Sweet potato Louisiana State University breeder Don Labonte is one of only a handful of sweet potato breeders in the world, according to Tara Smith, coordinator of the LSU’s AgCenter’s Sweet Potato Research Station, Chase.

The sweet potato research center works to improve growing practices and develop new varieties.

Currently, the covington variety is the most widely planted.

Stewart Precythe, president and chief executive officer at Southern Produce Distributions Inc., Faison, N.C., said he estimates up to 95% of sweet potatoes grown in North Carolina are covington. However, he says his company has a couple of new varieties in mind for the future.

This year, Labonte plans to release two new varieties.

Each new variety is given a number to distinguish it, the first two digits of which represent the year the research began, often five to six years before the variety is released to growers. Once the variety hits markets, it will be given a name.

One new variety, LA 05-111, is similar to the beauregard in skin color and flavor, but has a more uniform size and shape, providing greater consistency.

The second variety, LA 07-146 is approved for fresh market but also has good processing properties.

“We’re doing some final evaluations on it as a processing potato,” Labonte said.

According to Labonte, it has a high yield, high sugar content and nice flesh.

“It has a red skin instead of a rose-colored skin, so we’ll have to see how well it fits into the marketplace,” Labonte said.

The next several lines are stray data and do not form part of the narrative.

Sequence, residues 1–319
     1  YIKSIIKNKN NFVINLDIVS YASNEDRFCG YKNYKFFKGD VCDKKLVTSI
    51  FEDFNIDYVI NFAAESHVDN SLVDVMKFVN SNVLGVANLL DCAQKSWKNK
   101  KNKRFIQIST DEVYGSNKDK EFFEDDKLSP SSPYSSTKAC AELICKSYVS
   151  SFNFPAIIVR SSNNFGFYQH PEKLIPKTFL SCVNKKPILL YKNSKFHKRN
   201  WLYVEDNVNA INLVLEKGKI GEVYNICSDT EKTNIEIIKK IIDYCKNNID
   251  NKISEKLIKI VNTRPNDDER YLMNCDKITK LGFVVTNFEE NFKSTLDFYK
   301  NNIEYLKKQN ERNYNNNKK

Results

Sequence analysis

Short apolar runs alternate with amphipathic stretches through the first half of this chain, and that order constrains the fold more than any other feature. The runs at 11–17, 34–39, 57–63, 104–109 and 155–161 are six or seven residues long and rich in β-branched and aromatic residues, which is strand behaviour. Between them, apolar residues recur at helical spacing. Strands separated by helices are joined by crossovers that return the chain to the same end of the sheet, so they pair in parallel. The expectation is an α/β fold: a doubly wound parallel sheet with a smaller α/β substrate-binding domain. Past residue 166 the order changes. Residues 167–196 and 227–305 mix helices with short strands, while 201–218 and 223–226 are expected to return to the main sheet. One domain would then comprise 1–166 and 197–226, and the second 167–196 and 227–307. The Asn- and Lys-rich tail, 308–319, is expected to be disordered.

The center created a white-flesh sweet potato, called the bonita, similar to the o’henry variety.

According to Labonte, white sweet potatoes provide a taste and texture similar to russets and reds with a lower glycemic content.

The bonita is in a later stage of development, but consumers will still only have limited access. According to Labonte, it was released to growers two years ago, so it should begin to appear in markets this year.

“We had some early adopters in Louisiana, so our supplies will mostly come from there,” Labonte said.

North Carolina and others may have a small supply, but most of the crop there will go to building up seed stock. This stage of development lasts for the first two to three years after the release of a new variety,

“The entire process takes about seven years before consumers will start to see these new varieties in stores,” Labonte says.

In addition to providing new varieties, Smith says the AgCenter’s mission is to serve Louisiana’s sweet potato industry.

One of the center’s main focuses is to improve production efficiency and profitability.

“There are a lot of variables that can lead to unpredictable yields,” Smith said.

The station is working on a collaborative multistate research and extension project with North Carolina State, Mississippi State and the University of California-Davis.

The project, titled “Participatory Modeling and Decision Support for Improving Sweet Potato Production, Efficiency, Quality and Food Safety,” is funded by the U.S. Department of Agriculture.